Hello Fellow Corgi Owners,
I'm looking for some advise on how to handle my corgi's behavior with my 2 year old grandson.
We have our Corgi, Toby for 3 years. How do I discourage Toby's aggressive behavior while interacting with my grandson. He constantly tears at his clothing and mouths his exposed body parts. (hands, head, ears, feet) Though I realize he is being playful, I'm concerned that my grandson may get hurt.
I appreciate the input of all you experienced Corgi owners.
Put a leash on Toby when your Grandson is around and correct him with a firm no and a tug if he attempts any chasing or grabbing at the child. Never leave them alone and do not encourage your Grandson to play actively with the dog. Toby is trying to play with him as he would a puppy and needs to understand that it is acceptable. At 2 years old your Grandson is not yet able to understand the need to play nicely with an animal but you can start with him learning to pet gently and leave the dog toys alone. Toby should eventually be able to respond to your voice commands if he is being too aggressive with the child.
I meant unacceptable to play as if the child is another puppy..oops!
And you're watching all this? Put him on leash and when you can't, confine him otherwise. When you want him to interact with your grandson, get down on their level, make the dog sit and hold your hand in his collar, preventing any jumping up. Teach your grandson to wait before he comes forward until Toby is sitting and to stop if Toby stands up. Make it a game between you and your grandson ( kind of like Simon says...) Before all this, make sure you have a good sit-stay with Toby under other circumstances, which you can practice separately. Down would be even better, but since he's short, sit should work. The dog needs to be lower than the height of the child. Do not use treats with the child there as this will increase the excitement. Give a small treat only after the child leaves IF Toby was calm and his general behavior was good.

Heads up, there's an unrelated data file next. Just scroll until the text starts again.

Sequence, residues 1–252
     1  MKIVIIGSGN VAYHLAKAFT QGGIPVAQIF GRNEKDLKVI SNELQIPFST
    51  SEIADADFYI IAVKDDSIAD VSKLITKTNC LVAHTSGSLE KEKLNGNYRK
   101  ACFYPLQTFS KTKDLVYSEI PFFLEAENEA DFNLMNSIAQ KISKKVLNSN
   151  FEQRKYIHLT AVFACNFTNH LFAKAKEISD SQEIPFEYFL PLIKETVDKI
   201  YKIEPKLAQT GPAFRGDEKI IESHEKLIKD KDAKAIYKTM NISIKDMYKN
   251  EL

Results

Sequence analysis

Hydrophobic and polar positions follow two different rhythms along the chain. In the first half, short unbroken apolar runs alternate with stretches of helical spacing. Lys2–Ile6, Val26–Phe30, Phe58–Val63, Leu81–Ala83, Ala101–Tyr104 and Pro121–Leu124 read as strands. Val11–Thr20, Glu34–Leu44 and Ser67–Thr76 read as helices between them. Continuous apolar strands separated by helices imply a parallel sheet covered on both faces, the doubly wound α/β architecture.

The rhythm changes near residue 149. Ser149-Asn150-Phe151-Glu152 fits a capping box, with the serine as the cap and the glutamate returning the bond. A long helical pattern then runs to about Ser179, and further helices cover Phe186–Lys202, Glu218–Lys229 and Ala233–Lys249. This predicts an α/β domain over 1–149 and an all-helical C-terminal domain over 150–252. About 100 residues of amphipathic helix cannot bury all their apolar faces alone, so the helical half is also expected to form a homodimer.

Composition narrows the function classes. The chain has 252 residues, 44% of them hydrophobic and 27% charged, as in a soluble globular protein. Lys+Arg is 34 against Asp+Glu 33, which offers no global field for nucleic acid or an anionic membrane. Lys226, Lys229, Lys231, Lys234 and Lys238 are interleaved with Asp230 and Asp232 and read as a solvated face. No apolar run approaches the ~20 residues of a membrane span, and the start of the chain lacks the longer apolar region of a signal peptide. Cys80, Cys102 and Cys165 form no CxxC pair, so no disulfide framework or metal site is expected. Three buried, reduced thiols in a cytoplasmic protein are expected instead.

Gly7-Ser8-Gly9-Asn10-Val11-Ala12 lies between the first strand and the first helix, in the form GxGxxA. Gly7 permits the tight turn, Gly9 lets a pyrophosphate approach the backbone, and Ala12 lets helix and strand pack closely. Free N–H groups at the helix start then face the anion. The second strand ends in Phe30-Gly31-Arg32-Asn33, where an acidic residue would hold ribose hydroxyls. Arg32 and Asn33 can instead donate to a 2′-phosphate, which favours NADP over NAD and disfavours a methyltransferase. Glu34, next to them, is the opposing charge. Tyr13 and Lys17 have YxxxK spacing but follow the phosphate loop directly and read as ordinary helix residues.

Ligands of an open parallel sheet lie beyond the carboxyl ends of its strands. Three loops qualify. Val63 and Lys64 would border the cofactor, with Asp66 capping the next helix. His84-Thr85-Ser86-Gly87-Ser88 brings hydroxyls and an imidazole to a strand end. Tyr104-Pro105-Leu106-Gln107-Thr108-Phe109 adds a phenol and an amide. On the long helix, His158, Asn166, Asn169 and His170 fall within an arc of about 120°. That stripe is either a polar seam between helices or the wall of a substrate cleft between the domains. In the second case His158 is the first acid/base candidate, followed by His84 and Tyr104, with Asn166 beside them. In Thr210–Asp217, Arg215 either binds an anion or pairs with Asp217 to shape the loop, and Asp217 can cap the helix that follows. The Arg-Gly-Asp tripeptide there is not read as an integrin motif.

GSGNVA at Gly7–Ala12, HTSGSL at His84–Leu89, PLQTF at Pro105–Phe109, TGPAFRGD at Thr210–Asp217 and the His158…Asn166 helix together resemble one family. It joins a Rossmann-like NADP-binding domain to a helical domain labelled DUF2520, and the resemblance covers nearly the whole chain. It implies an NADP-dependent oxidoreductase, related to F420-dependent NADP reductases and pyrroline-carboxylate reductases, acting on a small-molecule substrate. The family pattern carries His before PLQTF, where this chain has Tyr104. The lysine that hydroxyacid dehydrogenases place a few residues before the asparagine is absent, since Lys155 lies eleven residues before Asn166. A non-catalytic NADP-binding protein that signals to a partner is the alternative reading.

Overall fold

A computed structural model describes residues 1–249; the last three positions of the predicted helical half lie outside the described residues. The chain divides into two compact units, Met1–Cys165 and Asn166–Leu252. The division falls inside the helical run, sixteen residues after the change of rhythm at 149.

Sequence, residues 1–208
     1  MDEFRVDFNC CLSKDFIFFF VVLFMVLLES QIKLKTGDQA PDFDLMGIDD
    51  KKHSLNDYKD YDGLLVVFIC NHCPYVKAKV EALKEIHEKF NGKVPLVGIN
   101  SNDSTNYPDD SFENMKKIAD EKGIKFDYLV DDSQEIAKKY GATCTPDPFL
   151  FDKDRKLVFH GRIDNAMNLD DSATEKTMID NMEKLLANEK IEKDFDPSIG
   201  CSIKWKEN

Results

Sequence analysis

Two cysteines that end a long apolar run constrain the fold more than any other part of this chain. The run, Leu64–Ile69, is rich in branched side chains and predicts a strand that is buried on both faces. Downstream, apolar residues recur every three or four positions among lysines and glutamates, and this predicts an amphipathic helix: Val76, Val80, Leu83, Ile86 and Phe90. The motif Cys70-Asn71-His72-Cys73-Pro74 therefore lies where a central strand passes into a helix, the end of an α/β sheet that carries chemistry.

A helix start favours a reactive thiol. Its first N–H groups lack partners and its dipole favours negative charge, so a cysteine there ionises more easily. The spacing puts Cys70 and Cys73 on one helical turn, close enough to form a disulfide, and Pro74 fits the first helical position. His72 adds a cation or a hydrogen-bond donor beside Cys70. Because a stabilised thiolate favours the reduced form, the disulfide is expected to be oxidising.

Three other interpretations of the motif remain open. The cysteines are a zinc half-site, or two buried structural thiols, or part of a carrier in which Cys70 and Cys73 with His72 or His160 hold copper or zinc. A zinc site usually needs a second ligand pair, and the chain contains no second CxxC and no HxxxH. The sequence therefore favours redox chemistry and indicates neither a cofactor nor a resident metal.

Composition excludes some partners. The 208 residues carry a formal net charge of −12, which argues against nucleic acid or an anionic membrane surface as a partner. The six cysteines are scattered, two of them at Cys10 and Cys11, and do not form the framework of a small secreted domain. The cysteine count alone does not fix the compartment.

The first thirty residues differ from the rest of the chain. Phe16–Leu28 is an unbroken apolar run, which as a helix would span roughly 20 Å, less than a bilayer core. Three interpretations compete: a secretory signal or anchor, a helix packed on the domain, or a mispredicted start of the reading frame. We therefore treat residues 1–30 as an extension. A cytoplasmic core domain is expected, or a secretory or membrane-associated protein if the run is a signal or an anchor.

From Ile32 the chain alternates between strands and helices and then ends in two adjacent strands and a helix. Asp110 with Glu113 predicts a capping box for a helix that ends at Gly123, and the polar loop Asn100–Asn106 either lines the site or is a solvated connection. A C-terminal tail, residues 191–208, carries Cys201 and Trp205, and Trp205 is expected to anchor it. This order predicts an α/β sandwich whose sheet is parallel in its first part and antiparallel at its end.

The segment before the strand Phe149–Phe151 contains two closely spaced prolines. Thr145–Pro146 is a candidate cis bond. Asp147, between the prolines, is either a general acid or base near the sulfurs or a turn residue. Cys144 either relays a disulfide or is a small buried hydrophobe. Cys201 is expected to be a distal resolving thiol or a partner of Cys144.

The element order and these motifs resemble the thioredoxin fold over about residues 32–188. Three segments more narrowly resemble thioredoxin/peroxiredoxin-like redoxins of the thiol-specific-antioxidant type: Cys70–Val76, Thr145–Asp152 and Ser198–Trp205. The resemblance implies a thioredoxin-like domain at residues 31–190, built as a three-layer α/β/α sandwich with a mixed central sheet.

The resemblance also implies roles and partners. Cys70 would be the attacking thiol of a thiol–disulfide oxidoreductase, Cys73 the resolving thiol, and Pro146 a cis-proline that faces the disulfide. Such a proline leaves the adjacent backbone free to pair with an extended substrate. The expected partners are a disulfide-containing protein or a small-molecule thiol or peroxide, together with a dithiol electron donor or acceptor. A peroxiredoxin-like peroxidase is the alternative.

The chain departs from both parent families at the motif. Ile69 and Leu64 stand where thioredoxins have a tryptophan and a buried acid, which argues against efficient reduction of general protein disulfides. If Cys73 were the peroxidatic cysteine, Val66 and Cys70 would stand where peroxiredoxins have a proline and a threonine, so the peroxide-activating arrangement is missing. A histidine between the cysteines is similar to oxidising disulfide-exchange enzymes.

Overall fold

Amy, you are quite right. A good rule of thumb is that a pre-school child should not be left unattended with any dog. This is not only for the very important safety of the child, but also in fairness to the dog.
Yes, the baby-gate is quite useful. Thanks for the suggestion. I appreciate that you understand the situation.
And please make sure that your "NO" is low pitched and very firm even a little bit drawn out. Don't raise your voice--that creates more energy. You should also be prepared to use your arm or shoulder to block the dog from teh toddler to emphasize that very firm NO. If you can be consistent with the leash tug, the very firm and low pitched NO and the body block, the dog will catch on pretty quick. It's exctiement (high pitched or rising voices, fast gestrues) that makes all the rules go wobbly, though,.
I agree to use a leash in the short term, practice a solid sit-stay for the long term, and get down on Toby's level and hold him, give him neck rubs (or whatever he likes best) and talk to him soothingly while he interacts with your grandson. Keep the visits brief then lock Toby in a safe place (room, pen, crate) the rest of the time.
When Jack was a puppy I taught him that the appropriate way to interact with toddlers is sitting calmly at their feet the ENTIRE time by getting right down with him, holding his collar or looping my hand in front of his chest, and telling him goood booyy the whole time. Games can come later when your grandson is a bit older and can be taught how to play with the dog.
I think positive reinforcement is the much better chose when training for anything. By being positive Toby will begin to CHOSE to do the right thing, not just because you are threatening him (in some way) to be good. If he chooses to be good, he'll begin to enjoy doing so giving you much better results then using negative reinforcement.
Okay, I agree that you should put him on a leash and train him to not jump up or bite. You can do this by rewarding all the things you would want him to do like: keep all feet on the ground, no biting, calmness, etc. I suggest you treat/ or praise him when he first sees your grandson, this way his focus will be taken away and he won't be as concentrated on jumping up or nipping. This process is all on timing for you have to treat every time Toby does something you want him to. Never use negative reinforcement to teach him such as: pulling on the leash, giving him a stern look and/or verbal cue, pushing him away after criticizing him, etc. It's better that he learns in a positive environment so that he knows when to be excited and when not to be, and overall using positive thinking usually gets the process going much faster than just using negative words, cues, or movements